The Ford Atlas concept truck at the 2013 auto show
(DETROIT FREE PRESS) - Get ready for Ford's aluminum pickup truck, likely either to be hailed as a breakthrough product or one that draws scads of comparisons to a beer can.
Ford is going to announce in a couple of weeks that the next F-150 will have a body made mostly of aluminum instead of steel in a bid to save weight, and thus gas,says Bloomberg News, citing unnamed sources. It also reported that Ford is going to great lengths to invite comparisons to the aluminum used in Military vehicles, not in flimsy beer cans.
To try to sell the press, and thus the public, on its new silver bullet, Ford has approached Alcoa to borrow some military-grade aluminum for its booth at the North American International Auto Show, where the truck is expected to make a grand entrance. The macho appeal of the military vehicles would be used to crush the beer-can image.
Remember, though, making a truck out of aluminum is a highly risky move for Ford. It has a proven winner in the F-150, not only the nation's most popular pickup, but the most popular vehicle of any sort. Pickup truck buyers tend to be brad-loyal traditionalists, and they don't take easily to changes.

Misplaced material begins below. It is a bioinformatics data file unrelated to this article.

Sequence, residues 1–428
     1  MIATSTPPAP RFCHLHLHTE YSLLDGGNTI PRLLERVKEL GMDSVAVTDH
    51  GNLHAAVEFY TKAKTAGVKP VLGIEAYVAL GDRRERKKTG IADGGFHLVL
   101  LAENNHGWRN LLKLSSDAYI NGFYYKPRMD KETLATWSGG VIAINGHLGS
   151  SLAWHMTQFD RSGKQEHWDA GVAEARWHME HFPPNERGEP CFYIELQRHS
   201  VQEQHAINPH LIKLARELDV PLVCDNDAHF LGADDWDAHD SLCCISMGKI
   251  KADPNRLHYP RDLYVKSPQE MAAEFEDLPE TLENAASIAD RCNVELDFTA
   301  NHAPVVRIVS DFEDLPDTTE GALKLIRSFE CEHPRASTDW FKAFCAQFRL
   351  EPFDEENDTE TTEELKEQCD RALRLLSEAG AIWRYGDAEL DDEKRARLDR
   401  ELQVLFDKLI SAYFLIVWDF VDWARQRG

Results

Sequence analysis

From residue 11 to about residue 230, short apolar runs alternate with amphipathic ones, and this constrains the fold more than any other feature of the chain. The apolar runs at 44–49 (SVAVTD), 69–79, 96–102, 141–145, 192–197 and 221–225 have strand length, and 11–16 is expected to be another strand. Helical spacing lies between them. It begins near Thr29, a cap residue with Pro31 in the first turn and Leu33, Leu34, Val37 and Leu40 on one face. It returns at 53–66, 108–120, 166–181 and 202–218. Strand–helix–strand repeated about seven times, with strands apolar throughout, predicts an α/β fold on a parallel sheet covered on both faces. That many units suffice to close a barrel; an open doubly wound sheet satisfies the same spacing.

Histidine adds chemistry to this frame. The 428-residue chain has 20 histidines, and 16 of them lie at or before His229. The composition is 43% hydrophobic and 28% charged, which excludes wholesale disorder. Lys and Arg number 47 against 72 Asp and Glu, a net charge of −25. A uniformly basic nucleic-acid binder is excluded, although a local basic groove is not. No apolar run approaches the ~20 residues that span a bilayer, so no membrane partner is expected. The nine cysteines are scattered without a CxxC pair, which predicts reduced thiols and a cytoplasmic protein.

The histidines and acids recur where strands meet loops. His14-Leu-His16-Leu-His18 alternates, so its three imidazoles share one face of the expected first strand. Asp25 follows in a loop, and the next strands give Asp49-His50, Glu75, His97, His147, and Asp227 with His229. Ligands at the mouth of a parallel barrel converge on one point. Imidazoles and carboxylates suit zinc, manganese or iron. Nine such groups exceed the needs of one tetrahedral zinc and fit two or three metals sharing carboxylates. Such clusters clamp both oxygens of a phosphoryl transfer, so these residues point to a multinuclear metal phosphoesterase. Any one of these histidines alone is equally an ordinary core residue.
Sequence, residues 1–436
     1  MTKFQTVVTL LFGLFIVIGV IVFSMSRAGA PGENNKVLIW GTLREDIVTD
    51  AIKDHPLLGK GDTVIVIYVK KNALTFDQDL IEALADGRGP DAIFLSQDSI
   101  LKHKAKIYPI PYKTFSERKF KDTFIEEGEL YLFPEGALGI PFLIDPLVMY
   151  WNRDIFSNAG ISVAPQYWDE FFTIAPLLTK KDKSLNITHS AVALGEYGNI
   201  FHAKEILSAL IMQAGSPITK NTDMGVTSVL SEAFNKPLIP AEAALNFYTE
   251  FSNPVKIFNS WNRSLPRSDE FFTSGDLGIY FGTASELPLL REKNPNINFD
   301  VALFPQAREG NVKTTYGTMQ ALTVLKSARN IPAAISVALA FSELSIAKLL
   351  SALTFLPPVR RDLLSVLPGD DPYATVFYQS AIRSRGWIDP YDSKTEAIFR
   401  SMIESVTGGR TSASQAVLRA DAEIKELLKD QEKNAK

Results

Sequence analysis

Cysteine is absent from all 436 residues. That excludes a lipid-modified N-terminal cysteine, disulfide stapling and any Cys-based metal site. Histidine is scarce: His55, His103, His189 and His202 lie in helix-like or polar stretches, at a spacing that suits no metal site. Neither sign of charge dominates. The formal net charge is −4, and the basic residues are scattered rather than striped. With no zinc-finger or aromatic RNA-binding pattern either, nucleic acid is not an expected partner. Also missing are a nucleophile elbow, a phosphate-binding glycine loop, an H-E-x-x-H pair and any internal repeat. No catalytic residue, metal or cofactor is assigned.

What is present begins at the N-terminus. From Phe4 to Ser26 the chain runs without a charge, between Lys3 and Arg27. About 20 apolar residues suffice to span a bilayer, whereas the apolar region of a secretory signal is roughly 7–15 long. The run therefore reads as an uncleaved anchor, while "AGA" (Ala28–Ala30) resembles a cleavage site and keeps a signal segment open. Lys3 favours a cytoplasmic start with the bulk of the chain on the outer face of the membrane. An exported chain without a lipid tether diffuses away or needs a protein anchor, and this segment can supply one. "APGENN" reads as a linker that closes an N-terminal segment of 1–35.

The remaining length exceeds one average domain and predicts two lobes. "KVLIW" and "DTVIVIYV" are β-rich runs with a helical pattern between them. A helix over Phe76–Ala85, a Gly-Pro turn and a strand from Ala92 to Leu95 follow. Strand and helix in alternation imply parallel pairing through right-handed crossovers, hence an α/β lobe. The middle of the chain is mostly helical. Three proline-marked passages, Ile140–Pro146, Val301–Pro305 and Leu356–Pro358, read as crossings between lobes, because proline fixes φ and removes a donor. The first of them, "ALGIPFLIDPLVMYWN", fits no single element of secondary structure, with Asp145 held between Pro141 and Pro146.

"Ford's sales job will be considerable: The company is eager to demonstrate the toughness of aluminum, which is lighter than steel, to pickup buyers who've made F-150 the bedrock of its business," Bloomberg writes.
Ford is apparently trying to squeeze more than 700 pounds out of its next generation of pickup trucks, according to the news service. Aluminum body panels would play a key role. Last January, Ford showed the Atlas truck concept that is expected to be the forerunner to the next pickup.
Ford has showed it is willing to make changes for a better product. When turbocharged engines were introduced, they became a huge hit in F-Series pickups. In the past, pickup owners clung to V-8s as the only way to produce the towing and hauling power they need no matter how bad their gas mileage.
The change to aluminum may be the last big ones from Ford CEO Alan Mulally, who is due to retire next year or leave for Microsoft's top job. As the head of Boeing's commercial airline business before coming to Ford, Mulally was a huge proponent of weight savings through use of composites. But the resulting 787 jet has been racked by delays and trouble. Mulally must be hoping that the same issues don't extend to an aluminum F-150 even though the metal is trickier than steel when it come to automotive components.
Detroit Free Press